After a disappointing start to 2022, equities have shown resilience in the second half.
Since the end of June, the S&P 500 has risen nearly 10%. And according to JPMorgan, there is even more upside potential.
The Wall Street gorilla recently reiterated its year-end price target of 4,800 for the S&P 500. With the benchmark index currently standing at around 4,100, JPMorgan’s target implies a potential rate of gain of 16%.
The company notes how lower market volatility can lead to influx of systematic investors.
“In addition to corporate buybacks, these strategies could generate steady inflows of several billion a day in stocks over the next 2-3 months,” Marko Kolanovic, chief global markets strategist at JPMorgan, wrote in a note to investors. “Trend-following strategies that have largely been short in stocks this year are covering shorts.”
Let’s take a closer look at this call – and where the market guru sees opportunities.
Do not miss it
The $100 Billion Catalyst
Technical indicators can play a crucial role in the potential turnaround.
Kolanovic points out that the S&P 500 is “about to breach key momentum signals” such as the 200-day moving average.
On stock charts, the 200-day moving average is shown as a line. Traders can use this line to determine whether the trend is up or down and identify potential areas of support or resistance.
The S&P 500 has been trading largely below the 200-day moving average in recent months. Kolanovic suggests that if the index can get above this 200-day moving average, it could lead to inflows “on the order of ~$100 billion.”
We may have to wait a little longer for that. The S&P 500 fell about 1.2% in the past week.
Will the Fed run?
To contain rising inflation, the Fed is aggressively raising interest rates, which has cast a huge shadow over the stock market.
But Kolanovic doesn’t believe the central bank’s aggressive stance would last.
“[W]We again disagree, claiming that inflation will subside on its own as the distortions fade and that the Fed overreacted with a 75 basis point hike,” he writes. “This Fed ‘overreaction’ and the subsequent but largely unrelated decline in inflation is likely to result in a Fed pivot, which is positive for cyclical assets.”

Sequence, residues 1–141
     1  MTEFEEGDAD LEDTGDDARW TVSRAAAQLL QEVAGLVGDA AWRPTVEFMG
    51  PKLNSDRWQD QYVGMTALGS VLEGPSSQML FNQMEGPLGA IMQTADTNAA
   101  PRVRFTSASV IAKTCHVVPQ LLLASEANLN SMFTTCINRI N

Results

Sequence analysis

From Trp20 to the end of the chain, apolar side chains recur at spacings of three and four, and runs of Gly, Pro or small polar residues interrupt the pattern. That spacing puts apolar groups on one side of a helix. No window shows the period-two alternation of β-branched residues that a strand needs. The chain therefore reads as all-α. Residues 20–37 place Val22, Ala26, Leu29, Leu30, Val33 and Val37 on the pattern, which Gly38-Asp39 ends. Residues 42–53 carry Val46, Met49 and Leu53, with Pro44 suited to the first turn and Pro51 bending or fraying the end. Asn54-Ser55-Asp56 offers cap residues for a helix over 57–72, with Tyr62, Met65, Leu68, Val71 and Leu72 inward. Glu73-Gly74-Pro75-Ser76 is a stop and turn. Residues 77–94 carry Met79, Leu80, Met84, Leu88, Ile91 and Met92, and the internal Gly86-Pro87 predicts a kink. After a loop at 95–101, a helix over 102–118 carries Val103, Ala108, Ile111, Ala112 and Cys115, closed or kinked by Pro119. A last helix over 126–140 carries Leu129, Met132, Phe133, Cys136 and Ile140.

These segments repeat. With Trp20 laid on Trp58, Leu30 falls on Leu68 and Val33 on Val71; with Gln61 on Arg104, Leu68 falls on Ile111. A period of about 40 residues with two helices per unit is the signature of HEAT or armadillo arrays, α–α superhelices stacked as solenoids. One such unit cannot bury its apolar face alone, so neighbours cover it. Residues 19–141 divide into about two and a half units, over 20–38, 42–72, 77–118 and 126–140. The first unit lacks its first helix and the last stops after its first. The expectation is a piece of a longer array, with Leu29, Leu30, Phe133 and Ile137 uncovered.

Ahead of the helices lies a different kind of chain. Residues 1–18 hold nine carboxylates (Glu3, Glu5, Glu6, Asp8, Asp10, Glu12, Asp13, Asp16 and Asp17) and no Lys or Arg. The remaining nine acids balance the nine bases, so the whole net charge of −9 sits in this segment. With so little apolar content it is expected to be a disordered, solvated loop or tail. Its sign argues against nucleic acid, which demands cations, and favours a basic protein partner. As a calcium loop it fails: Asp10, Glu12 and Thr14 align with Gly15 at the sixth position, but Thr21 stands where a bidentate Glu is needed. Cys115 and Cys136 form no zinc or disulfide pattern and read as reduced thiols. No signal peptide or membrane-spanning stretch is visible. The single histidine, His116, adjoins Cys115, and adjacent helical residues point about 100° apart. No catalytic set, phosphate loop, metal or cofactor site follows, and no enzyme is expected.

While JPMorgan has a bullish price target for the S&P 500, it doesn’t suggest simply buying the benchmark index as a whole.
Kolanovic also warns not to hunt for large-cap tech stocks or recession-proof stocks that are already “trading near all-time highs.”
The opportunities he sees are based on appreciation.
“There are market segments like energy trading with mid-single digit P/Es (below recession multiples), and even some broad markets like the S&P 600 small cap index that trades at recession-level multiples,” he writes.
Investors can use ETFs to gain exposure to these segments. For example, the Energy Select Sector SPDR Fund (XLE) provides investors with easy access to the energy sector of the S&P 500. Meanwhile, investors can leverage funds such as the Vanguard S&P Small-Cap 600 ETF (VIOO) and the SPDR Portfolio S&P 600 Small Cap ETF ( SPSM) to track the small-cap index.
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This article provides information only and should not be construed as advice. It comes without any kind of warranty.